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Talkin' Pets News Featured

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Talkin' Pets News

12/09/2017

Host - Jon Patch

Co-Host - Maria Ryan - DogGone Positive - Port St. Lucie, Florida

Producer - Zach Budin

Network Producer - Quin McCarthy

Executive Producer - Bob Page

Special Guests - Boze Hadleigh author of "Life's a Pouch" will join Jon and Talkin' Pets 12/9/17 at 5pm EST to discuss and give away his new book

Tim Surrett, Bass Player from Balsam Range will join Jon and Talkin' Pets 12/09/17 at 630pm EST to discuss and give away their current EP "It's Christmas Time"

Bestselling Author Greg Kincaid will join Jon and Talkin' Pets 12/9/17 at 720pm EST to dicuss and give away his new book Noelle

A new company in Colorado is trying to develop cell-cultured meat for use in pet food.

Bond Pets wants to grow the meat from small numbers of animal cells, with no need to kill an animal, Quartz reports. Other companies are working on the same concept for consumption by humans.

Rich Kelleman, founder of Bond Pets, says growing meat in this highly controlled manner would "mitigate a lot of the safety issues" that sometimes lead to recalls in the pet-food industry.

Ryan Yamka, consultant to the pet food industry, tells Quartz that the pet food trends often mimic those occuring in the food industry at large.

"So it’s not surprising that you see what I would call the sustainable-food movement getting into the pet-food side," he says.

It's not clear how soon a cell-cultured pet-food product could be in the market. Kelleman says it's conceivable that it could happen in the next couple of years.

After all, Hampton Creek, a company working on cell-cultured meat for humans, hopes to bring a product to market next year. 

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A Louisa County woman was found guilty of animal cruelty charges for hoarding more than 500 animals on her farm. One week after being rescued from what were deemed deplorable living conditions, experts said the animals were stronger, and healthier than ever.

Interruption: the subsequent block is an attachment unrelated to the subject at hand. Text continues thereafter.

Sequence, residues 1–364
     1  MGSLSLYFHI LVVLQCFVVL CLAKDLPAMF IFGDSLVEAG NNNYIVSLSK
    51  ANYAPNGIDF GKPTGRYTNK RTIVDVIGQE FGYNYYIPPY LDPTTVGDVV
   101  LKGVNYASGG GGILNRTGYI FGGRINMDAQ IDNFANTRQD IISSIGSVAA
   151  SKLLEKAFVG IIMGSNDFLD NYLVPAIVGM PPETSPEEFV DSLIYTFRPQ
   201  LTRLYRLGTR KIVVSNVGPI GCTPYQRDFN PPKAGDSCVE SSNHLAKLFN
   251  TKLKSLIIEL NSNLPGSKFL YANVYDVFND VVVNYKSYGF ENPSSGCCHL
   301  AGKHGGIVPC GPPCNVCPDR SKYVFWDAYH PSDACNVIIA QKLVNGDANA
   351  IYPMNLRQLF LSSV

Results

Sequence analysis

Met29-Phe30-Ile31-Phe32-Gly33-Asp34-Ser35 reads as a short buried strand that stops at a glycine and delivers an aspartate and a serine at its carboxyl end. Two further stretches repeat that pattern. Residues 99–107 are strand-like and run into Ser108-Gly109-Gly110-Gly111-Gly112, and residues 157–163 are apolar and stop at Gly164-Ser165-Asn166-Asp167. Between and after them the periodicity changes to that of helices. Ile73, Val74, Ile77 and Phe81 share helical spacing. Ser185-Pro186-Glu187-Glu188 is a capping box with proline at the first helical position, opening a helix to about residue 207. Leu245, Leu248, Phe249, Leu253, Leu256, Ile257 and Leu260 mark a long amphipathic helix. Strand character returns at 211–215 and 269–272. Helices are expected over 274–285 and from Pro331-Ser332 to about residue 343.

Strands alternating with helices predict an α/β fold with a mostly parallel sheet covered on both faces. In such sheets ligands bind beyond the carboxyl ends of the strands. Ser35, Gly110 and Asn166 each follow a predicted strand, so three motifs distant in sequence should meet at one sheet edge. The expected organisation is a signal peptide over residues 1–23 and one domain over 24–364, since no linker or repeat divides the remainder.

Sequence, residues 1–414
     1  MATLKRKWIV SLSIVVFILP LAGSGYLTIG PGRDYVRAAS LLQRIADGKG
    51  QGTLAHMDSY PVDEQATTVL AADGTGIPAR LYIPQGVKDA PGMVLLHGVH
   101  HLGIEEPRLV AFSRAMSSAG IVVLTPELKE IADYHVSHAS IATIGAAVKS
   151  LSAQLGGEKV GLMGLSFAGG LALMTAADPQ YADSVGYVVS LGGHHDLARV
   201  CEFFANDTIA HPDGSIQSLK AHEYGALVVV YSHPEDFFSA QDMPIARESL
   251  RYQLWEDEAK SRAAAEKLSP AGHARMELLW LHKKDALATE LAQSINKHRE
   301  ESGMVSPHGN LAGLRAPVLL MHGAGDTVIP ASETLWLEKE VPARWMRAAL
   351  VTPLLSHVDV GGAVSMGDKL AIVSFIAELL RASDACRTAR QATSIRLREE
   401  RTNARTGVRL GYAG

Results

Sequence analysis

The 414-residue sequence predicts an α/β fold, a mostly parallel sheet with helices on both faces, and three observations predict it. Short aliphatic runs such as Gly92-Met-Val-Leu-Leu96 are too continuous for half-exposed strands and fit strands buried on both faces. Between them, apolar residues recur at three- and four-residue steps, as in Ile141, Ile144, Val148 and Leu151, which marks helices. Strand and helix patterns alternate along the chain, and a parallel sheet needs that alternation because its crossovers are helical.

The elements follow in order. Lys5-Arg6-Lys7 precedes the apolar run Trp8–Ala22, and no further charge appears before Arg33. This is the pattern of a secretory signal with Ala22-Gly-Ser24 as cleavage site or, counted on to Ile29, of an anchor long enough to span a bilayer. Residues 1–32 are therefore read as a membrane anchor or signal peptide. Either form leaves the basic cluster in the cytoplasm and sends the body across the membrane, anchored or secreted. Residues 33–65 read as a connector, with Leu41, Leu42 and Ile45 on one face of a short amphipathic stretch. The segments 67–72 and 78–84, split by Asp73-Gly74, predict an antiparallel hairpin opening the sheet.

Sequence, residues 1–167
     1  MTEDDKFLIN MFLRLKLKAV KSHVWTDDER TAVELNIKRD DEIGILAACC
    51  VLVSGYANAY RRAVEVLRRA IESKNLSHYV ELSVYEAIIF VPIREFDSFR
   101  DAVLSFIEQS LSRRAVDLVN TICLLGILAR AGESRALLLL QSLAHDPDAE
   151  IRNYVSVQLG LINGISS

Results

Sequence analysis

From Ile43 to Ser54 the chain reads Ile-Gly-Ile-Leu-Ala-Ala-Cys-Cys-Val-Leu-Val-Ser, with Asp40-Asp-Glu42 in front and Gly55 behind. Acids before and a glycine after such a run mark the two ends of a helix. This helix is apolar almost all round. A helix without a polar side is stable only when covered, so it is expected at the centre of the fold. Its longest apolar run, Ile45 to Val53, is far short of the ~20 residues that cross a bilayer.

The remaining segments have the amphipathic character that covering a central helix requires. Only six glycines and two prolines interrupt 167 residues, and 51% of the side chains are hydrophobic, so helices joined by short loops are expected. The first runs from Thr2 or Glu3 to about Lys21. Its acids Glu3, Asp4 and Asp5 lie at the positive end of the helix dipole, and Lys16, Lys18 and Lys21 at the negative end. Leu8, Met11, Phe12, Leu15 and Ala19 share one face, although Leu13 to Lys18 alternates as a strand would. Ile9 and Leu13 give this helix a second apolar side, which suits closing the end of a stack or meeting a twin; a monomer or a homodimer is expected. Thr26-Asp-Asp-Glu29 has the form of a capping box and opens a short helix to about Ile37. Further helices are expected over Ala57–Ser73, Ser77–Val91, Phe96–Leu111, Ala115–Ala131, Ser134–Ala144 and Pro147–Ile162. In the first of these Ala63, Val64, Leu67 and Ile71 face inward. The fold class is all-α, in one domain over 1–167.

“They are resilient, very resilient,” expressed Donnie Embrey, Team Leader of Community Animal Response Team (CART).

Court documents show the farm owner, 77-year-old Clara Mae Collier was charged with five counts of animal cruelty.  She could have been sentenced up to 12 months for each charge. However, the judge sentenced Collier to six months for each charge, totaling 30 months, with all 30 of those months suspended. She won’t serve anymore jail time.

Louisa County Commonwealth’s Attorney Rusty McGuire announced the county spent $7,500 to care for the animals and based on Collier’s finances, she will be able to perform 500 hours community service to satisfy the obligation.

In addition, Collier was sentenced to two years’ probation, agreed to no longer possess any animals other than two birds, and allow animal control to check on her to ensure she does not possess more animals and that the birds are being treated properly.

As for what made it possible to rehab, shelter, and feed hundreds of animals instantly, Embrey said, volunteers donated four to five thousand dollars’ worth of goods. Local business owner Wesley Chiles of Chiles Enterprises Landscape, Tree & Turfcare was part of that movement.